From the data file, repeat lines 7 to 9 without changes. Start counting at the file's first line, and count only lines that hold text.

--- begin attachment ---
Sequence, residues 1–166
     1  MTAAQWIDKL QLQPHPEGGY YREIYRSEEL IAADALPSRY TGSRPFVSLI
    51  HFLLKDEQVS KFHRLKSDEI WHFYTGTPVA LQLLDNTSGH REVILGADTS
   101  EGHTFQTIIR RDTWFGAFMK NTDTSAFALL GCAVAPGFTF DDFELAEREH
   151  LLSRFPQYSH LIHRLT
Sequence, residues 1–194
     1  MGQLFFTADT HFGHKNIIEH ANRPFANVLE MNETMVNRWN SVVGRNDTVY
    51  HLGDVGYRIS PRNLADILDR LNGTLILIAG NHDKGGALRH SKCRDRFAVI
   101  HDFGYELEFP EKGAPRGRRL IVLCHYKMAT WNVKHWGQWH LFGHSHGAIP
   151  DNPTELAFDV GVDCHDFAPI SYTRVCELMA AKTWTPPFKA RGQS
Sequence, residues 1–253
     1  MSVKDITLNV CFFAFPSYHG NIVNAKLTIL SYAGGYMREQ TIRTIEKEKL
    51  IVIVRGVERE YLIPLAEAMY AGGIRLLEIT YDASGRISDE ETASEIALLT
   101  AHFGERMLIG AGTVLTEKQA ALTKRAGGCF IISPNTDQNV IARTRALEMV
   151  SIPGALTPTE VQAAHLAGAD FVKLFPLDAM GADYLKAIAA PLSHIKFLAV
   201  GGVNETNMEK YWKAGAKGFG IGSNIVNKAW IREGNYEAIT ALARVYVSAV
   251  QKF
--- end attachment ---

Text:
     1  MGQLFFTADT HFGHKNIIEH ANRPFANVLE MNETMVNRWN SVVGRNDTVY
    51  HLGDVGYRIS PRNLADILDR LNGTLILIAG NHDKGGALRH SKCRDRFAVI
   101  HDFGYELEFP EKGAPRGRRL IVLCHYKMAT WNVKHWGQWH LFGHSHGAIP